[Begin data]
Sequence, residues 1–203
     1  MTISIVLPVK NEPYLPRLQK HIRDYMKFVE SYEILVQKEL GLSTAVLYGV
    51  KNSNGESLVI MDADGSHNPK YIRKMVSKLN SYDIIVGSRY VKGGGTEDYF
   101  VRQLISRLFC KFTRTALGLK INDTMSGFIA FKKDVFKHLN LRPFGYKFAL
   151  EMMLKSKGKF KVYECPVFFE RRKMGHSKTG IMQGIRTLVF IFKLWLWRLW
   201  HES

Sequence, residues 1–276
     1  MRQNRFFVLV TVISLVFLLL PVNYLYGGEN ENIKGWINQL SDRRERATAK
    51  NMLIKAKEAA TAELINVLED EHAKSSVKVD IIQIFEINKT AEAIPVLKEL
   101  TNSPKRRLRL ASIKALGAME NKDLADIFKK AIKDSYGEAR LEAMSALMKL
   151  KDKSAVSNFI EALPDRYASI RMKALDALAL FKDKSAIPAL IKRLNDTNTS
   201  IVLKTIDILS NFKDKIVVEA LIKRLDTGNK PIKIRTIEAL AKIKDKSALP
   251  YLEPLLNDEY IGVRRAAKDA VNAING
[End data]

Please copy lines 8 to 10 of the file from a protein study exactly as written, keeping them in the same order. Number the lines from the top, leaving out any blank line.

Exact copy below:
     1  MRQNRFFVLV TVISLVFLLL PVNYLYGGEN ENIKGWINQL SDRRERATAK
    51  NMLIKAKEAA TAELINVLED EHAKSSVKVD IIQIFEINKT AEAIPVLKEL
   101  TNSPKRRLRL ASIKALGAME NKDLADIFKK AIKDSYGEAR LEAMSALMKL